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Freudenberger, H.J. (1971-72). Why Men Rebel Ted Robert Gurr. Princeton, New Jersey: Princeton University Press, 1970. 420.. Psychoanal. Rev., 58(4):641-642.
(1971-72). Psychoanalytic Review, 58(4):641-642
Why Men Rebel Ted Robert Gurr. Princeton, New Jersey: Princeton University Press, 1970. 420.
Review by: Herbert J. Freudenberger
Ted Gurr makes some very cogent points in this timely discussion of a topic of great concern to so many of us today—what triggers men to violence?
Gurr brings impressive credentials to the task of evaluating the causes of violence in our society: In 1968-69 he was co-director of a task force of the National Commission on the Causes and Prevention of Violence, and he is currently on the faculty of the Center of International Studies. His book is a scholarly one dealing with many areas that range from the sources of aggression to psychocultural justifications for violence, the politicization of discontent, and the communication of symbols that may lead to aggression against a regime.
A major thesis of the book, and one which was particularly interesting to me, is his development of the RD (Relative Deprivation) factor and its impact upon violence. By relative deprivation, he means “a perceived discrepancy between value expectations and value capabilities” on the part of an individual. It is his contention that each of us operates within a value system that is a consequence of personal and cultural development. When people see that within their particular country or society there is a possibility of their achieving a desired goal—whether that goal be economic in terms of the acquisition of material goods (value expectations), or political in terms of attaining power, or psychological as manifested in self-actualization (value capabilities)—and if these goals are perceived as relatively close and they are not achieved, then the stage is set for violence, and the deprived group in that country or society resorts to violent actions. As the members of a group or a nation feel sharply deprived with respect to their most deeply valued goals, then the number of outlets for anger increase.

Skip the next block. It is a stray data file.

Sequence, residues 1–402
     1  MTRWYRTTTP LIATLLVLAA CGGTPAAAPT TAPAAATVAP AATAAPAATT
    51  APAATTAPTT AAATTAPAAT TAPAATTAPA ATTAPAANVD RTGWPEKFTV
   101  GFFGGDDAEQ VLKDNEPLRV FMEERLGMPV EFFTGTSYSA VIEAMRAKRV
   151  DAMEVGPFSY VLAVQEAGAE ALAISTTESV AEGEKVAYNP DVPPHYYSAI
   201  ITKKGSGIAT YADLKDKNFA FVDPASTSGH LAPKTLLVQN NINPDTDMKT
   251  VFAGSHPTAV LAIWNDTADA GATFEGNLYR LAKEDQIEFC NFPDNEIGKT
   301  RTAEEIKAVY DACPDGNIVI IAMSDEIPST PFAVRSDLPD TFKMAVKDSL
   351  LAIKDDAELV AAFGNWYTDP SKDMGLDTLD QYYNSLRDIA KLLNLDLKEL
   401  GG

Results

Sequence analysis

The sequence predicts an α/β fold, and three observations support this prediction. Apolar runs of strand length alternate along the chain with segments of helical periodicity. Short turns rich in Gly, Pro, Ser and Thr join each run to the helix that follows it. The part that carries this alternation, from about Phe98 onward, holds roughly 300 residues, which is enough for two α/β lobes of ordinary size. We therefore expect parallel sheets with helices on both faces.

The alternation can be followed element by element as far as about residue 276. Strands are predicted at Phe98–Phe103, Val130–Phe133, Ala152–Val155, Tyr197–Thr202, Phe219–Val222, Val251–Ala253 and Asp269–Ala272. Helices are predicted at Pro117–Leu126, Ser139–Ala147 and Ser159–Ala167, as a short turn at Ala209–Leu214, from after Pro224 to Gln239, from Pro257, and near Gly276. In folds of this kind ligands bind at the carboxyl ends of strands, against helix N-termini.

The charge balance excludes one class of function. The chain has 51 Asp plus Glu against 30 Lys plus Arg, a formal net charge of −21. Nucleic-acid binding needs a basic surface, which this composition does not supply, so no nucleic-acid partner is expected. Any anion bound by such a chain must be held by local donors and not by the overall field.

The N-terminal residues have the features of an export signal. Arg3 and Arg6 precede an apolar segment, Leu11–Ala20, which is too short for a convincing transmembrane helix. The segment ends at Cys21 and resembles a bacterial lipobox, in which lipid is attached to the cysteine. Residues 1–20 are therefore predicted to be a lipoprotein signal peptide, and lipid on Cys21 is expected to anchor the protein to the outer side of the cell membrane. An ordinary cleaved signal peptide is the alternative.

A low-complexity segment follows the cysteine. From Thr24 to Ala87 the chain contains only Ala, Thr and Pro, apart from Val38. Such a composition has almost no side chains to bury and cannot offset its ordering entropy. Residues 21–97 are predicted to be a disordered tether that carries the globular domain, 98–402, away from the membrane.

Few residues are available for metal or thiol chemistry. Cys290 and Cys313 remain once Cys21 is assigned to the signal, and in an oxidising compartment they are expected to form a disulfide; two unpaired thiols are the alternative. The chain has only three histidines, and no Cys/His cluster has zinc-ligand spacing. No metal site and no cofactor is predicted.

Gurr illustrates this point by making reference to the Parisian workers of 1848, the Mexican peasants in 1910, the German Klein-bürgertum in the 1920's, the Hungarians in 1956, and the black South Africans in 1960. As people are exposed to modernization, their expectations rise, and if in turn these expectations are thwarted, the individuals' relative deprivations are heightened. Further, if there is in addition a tradition of violence among the members of that particular group, violent outbursts will almost certainly be the result.
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